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Power Supply Current Ratings

Sometimes this gets confused with how much current a pedal actually draws---that is usually only a fraction of the power supply's current rating.

You can usually see the current-rating printed on the power supply---look for something like "Output: ..200mA". This tell you how much current the supply can safely deliver before it starts to hum. But, before it starts to hum, it can overheat, which can shorten its life expectancy. See Don't Overload.

So, to not overload the supply when power-chaining pedals from one supply, it is good to know (or estimate) the real current draw of the pedals. They add up, and a good rule of thumb, to have your supply last a long time, is to not exceed 50% of the power supply's rating. If push comes to shove, you can go up to 75%, but just beware that the total current draw matters.

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Power Plug Sizes

The standard size for a pedal power jack is 2.1mm. Some pedals have other sizes. These are usually pedals that take some voltage other than 9V (but not always).

The 2 most common non-standard power plug sizes are 2.5mm (Digitech, Line 6, Eventide, etc.), and 3.5mm (1/8" miniphone plug, used by older DOD, Electro-Harmonix, etc.) PedalSnake offers Power Plug Adapters the for 2 non-standard sizes.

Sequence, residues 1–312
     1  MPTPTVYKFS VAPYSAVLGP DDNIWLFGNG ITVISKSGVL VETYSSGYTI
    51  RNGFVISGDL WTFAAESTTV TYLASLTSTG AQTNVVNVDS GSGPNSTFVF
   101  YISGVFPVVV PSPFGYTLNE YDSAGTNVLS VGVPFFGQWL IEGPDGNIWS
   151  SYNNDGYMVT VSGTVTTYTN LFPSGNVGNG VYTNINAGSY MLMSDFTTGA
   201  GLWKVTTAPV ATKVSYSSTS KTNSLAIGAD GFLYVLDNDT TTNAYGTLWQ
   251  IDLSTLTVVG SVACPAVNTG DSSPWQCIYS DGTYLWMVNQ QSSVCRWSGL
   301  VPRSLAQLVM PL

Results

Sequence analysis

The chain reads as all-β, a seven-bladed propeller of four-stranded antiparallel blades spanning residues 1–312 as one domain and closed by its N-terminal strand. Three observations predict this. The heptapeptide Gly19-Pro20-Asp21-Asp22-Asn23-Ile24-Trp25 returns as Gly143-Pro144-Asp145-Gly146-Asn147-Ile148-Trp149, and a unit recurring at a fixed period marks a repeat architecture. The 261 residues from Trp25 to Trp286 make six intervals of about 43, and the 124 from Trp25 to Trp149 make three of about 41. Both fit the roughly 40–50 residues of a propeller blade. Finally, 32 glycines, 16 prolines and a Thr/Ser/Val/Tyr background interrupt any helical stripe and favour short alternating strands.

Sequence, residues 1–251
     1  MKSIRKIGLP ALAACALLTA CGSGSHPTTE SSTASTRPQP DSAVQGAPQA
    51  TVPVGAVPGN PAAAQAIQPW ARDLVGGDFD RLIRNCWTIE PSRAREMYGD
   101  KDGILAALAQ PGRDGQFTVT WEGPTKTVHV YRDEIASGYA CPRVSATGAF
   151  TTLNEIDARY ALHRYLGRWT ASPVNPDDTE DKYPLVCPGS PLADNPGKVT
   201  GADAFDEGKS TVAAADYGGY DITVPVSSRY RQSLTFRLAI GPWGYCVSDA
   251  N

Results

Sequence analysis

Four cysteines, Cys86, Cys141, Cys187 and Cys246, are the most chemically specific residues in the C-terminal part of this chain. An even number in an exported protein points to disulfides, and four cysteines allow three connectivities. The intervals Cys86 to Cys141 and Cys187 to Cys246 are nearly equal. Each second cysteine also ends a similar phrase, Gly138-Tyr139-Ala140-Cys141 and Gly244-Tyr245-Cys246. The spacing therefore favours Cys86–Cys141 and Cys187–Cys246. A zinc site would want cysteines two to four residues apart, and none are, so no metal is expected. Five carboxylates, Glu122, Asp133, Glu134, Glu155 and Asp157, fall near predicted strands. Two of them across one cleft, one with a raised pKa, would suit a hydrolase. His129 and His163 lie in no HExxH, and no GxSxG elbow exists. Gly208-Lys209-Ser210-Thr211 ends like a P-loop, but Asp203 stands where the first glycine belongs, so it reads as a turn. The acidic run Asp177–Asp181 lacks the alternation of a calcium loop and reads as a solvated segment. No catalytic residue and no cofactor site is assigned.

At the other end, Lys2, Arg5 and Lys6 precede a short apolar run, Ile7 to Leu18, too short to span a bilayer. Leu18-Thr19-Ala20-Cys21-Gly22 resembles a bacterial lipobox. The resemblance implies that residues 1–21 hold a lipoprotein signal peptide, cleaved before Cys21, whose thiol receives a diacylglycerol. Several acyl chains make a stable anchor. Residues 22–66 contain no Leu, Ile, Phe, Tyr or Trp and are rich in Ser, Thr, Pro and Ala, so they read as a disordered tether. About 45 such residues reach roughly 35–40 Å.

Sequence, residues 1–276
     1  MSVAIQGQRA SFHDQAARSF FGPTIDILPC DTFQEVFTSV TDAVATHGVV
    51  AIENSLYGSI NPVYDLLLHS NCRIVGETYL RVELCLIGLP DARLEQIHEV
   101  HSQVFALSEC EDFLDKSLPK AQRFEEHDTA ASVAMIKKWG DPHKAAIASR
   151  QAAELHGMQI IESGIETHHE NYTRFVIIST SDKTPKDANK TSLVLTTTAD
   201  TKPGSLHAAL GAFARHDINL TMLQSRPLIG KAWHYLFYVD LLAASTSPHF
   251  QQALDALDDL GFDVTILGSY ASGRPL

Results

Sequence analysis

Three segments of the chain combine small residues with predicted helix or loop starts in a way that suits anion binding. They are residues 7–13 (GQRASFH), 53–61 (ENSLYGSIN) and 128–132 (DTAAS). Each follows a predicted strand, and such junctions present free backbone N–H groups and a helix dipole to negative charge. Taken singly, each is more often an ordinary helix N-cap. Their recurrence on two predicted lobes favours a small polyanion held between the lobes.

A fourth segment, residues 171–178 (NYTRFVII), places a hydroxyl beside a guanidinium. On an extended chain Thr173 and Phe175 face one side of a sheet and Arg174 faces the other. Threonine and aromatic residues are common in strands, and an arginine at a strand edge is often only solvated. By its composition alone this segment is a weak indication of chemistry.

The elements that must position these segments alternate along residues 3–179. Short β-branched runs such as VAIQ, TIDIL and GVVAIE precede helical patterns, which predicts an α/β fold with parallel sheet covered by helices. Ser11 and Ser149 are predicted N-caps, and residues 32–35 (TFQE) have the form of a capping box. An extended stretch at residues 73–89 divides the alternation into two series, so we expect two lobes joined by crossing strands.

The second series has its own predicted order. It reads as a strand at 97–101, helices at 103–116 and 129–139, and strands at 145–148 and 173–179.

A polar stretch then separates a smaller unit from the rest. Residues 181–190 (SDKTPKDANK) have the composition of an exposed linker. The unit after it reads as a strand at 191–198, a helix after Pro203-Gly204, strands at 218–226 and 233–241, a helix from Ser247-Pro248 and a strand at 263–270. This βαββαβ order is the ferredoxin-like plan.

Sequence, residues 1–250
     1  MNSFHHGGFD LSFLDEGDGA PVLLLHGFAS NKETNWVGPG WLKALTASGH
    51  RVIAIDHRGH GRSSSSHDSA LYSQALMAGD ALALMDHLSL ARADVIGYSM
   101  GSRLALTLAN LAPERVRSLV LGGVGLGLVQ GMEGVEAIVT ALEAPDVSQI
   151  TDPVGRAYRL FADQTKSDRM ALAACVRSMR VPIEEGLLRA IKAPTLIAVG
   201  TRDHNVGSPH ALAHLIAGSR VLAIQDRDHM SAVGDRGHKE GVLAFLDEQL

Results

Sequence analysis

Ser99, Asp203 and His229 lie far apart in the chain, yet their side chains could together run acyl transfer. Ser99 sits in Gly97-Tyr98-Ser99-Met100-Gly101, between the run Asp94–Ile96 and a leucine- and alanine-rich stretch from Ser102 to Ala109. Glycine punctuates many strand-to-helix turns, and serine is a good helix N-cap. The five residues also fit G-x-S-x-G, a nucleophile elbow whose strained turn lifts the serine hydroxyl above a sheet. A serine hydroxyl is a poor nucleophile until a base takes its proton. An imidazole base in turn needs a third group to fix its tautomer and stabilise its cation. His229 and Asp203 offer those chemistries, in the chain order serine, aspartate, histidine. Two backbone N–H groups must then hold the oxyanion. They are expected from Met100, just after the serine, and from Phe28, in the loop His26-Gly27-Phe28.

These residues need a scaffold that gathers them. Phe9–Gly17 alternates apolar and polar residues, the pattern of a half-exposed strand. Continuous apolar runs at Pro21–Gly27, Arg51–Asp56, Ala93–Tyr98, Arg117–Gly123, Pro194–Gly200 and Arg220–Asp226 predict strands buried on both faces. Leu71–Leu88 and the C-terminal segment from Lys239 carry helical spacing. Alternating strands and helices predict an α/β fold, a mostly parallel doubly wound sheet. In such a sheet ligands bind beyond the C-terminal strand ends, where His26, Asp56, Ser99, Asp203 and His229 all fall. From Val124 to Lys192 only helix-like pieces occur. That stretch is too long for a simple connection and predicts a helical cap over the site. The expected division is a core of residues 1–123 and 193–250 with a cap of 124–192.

How to tell the difference is shown below.

2.1mm ( x 5.5 ) standard

This is the standard size used by stompboxes from Boss, Dunlop, etc. PedalSnake P-Lines, as well as most any power-chain cable, use the standard 2.1.

2.5mm ( x 5.5 )

2.5 is hard to tell from 2.1, but there are ways:

  • Check our Pedal Power Adapter List to see which power plug adapter your pedal (or supply) may need, or
  • Do your own test with a pedal and wall wart, knowing that:
    • The pin inside a 2.5 pedal's power-in jack won't fit into the hole of a 2.1 wall wart plug.
    • The hole in a wall wart's 2.5 plug fits easily over the pin inside a 2.1 pedal jack, but it makes little or no connection.
  • With PedalSnake, use 2125AR for 2.5 pedals, and 2521A for 2.5 power supplies.

3.5mm (1/8" mini-phone connector)

These are easy to see----the male plug is like the 1/8" miniphone plug on portable headphones, and unlike a female barrel connector, the 3.5 jack has no "pin" inside.

  • With PedalSnake, use 2135AR for 2.5 pedals, and 3521A for 2.5 supplies.

Other Helpful Resources

Guitar Noise Manual

Isolation and Grounding

Power Plug Adapters List

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PedalSnake® is the trademark name for Stage Magic's All-in-One Pedal Cabling Solution. Copyright © 2012 Stage Magic, Inc.